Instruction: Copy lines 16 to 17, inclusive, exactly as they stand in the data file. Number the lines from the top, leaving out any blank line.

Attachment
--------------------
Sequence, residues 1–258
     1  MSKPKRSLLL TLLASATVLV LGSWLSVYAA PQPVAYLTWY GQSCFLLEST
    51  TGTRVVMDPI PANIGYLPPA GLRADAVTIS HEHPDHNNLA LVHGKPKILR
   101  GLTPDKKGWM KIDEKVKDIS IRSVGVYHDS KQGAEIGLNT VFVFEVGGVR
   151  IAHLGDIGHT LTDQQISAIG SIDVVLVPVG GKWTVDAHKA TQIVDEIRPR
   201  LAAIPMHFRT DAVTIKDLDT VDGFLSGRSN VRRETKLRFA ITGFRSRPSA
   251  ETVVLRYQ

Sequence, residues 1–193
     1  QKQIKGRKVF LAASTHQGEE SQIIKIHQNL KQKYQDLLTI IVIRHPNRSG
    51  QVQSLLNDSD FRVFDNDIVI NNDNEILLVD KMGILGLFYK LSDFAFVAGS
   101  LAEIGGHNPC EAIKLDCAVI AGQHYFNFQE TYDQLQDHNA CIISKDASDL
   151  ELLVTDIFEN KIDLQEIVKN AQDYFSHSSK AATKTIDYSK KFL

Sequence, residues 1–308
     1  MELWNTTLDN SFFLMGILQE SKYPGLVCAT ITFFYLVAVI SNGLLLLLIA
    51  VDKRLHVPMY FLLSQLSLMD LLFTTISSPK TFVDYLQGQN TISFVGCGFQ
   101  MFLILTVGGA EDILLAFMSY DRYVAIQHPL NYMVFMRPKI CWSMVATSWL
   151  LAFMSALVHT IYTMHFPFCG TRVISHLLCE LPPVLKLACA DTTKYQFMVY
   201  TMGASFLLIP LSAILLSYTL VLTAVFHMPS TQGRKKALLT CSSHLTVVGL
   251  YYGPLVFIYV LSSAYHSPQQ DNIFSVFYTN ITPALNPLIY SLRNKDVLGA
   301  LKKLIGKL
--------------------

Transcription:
   101  MFLILTVGGA EDILLAFMSY DRYVAIQHPL NYMVFMRPKI CWSMVATSWL
   151  LAFMSALVHT IYTMHFPFCG TRVISHLLCE LPPVLKLACA DTTKYQFMVY